War Plan Red, the Atlantic Strategic War Plan for Europe. Another contingency war plan they developed was the Red-Orange Plan, which hypothesized a two-theater war, seeking to win first in the Atlantic, while fighting a holding battle in the Pacific, and then defeating Japan. When World War Two broke out, military and naval planners simply dusted off the old Red-Orange Plan.
In Hawai’i I based on War Plan Orange, identification of “Hawai’i local Japanese” and a general distrust of other local residents of Asian descent was an ongoing process.
1936 – FDR receives reports of people in Hawaii socializing with visiting Japanese naval ships. FDR orders lists made of all such persons as the first to be put into “concentration camps” (his words) in the event of war.
1936 – Led by the Navy, the military in Hawaii begins systematically gathering intelligence on the Japanese community in Hawaii.
1939 – An inter-ethnic Council of Inter-Racial Unity forms, begins discussions on how to get Hawaii’s people through a US-Japan war, particularly the nearly 40 percent of Japanese ancestry. Prominent figures include the educator Shigeo Yoshida and YMCA executive Hung Wai Ching.
Chief Commissary Storekeeper, Frank Fisk stationed aboard the Tangiers (which, while loaded with 900,000 gallons of fuel, saw 3 near misses on December 7) commented in the fall of 1941 . . “I have just come back from China and I have seen what is going on over there . . . the Flying Tigers; they are getting ready for war.
From July 1937, and before the United States officially entered the war with Japan, Americans were fighting the Japanese in China.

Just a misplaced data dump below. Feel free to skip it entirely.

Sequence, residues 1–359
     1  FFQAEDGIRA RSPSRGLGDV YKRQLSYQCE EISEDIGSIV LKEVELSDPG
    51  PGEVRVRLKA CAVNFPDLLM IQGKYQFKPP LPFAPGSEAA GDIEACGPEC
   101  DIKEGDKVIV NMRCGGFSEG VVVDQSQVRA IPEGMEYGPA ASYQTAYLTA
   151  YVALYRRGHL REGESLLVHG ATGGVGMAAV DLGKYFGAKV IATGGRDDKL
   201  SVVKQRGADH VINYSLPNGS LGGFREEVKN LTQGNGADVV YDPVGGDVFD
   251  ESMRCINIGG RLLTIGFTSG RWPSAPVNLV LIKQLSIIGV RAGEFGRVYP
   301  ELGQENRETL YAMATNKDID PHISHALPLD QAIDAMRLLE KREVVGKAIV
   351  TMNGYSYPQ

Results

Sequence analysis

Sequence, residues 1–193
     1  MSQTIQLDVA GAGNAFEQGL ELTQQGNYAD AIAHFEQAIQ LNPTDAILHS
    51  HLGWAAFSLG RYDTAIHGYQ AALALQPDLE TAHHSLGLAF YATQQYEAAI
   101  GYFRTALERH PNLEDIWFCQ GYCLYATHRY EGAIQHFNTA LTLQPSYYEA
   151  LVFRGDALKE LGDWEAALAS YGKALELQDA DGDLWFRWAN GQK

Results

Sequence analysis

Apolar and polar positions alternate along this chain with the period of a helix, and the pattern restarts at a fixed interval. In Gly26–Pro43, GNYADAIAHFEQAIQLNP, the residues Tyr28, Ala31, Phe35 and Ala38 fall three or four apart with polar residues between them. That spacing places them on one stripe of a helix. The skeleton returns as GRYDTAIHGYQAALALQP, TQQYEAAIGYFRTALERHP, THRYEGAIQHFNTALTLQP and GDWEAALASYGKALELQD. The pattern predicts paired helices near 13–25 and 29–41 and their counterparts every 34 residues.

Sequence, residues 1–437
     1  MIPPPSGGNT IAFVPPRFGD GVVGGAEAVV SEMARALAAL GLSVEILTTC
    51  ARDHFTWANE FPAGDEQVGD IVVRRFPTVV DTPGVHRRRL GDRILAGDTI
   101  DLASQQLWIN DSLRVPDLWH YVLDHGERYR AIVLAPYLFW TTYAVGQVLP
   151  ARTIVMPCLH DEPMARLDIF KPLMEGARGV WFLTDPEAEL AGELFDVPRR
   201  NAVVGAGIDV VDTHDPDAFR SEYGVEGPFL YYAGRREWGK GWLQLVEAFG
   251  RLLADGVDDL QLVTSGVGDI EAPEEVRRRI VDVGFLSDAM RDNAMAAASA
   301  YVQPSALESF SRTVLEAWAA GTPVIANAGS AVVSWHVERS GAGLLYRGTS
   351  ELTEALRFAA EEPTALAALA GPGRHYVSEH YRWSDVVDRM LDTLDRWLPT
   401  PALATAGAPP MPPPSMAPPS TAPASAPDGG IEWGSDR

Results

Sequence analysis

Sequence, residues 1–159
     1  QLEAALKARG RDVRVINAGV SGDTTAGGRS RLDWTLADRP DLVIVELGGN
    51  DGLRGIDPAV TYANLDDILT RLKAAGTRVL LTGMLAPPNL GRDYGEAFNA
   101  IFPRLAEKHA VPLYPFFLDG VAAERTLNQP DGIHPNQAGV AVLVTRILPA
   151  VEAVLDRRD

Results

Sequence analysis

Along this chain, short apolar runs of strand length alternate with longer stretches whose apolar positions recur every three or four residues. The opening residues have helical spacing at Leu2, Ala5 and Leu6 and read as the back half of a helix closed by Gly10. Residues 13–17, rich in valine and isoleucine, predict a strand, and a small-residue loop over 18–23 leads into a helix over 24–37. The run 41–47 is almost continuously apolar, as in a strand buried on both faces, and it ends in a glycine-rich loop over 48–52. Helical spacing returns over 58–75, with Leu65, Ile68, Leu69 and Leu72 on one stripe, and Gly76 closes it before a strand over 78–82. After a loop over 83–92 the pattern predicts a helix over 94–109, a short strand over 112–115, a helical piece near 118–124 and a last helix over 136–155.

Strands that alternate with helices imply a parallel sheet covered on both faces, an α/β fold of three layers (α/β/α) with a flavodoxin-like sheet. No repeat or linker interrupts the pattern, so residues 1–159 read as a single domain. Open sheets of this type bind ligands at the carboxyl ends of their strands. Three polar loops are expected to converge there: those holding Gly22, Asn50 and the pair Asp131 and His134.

The Naval Treaty of February 6, 1922, prescribing limitation of naval strength (especially for the United States) and signed by The U.S, United Kingdom, Japan, France and Italy, did not stop competitive building on a great scale. . .especially in Hawai`i.
“Aug 1939 – FBI Agent Robert Shivers, a close associate of FBI Director J. Edgar Hoover, reopens the Honolulu FBI office, mainly to further investigate the probable loyalty of the Japanese-ancestry community in the event of war. At home, he is influenced by a student boarder, Shizue Kobotake. At work, he is influenced by an esteemed community figure, Charles Hemenway, and by Harvard-educated attorney Masaji Marumoto. Robert Shivers becomes a participant in the Council for Inter-Racial Unity, along with other intelligence officers.
Summer 1941 – A group of Nisei (the second generation of the Japanese-born immigrants) step forward as volunteer police. Police Lt. John A. Burns is assigned to work with them and is deployed to support Shivers’ investigations. Together Robert Shivers and Burns emerge as two of the most effective advocates of the trustworthiness of Japanese Americans.
Police Captain John Burns, Civil Defense and civilian workers all knew that war was coming. “Within the week” said Jack Burns.
“7-Dec-41 – The crisis of Japanese Americans in Hawai’i becomes manifest”
“The First Battle”- Tom Coffman
Kenneth R. Joyner
The New York Times in its 12/8/41 PH report on page 13 under the headline “Attack Was Expected” stated the US had known that Pearl Harbor was going to be attacked the week before.
I have had so many people telling me parts of this story. My husband Kenneth Joyner, a retired Submariner, was a skinny young sailor in 1950. And for years he has told me “sea stories” which of course I’ll impart to you.
See you next time. Stay tuned!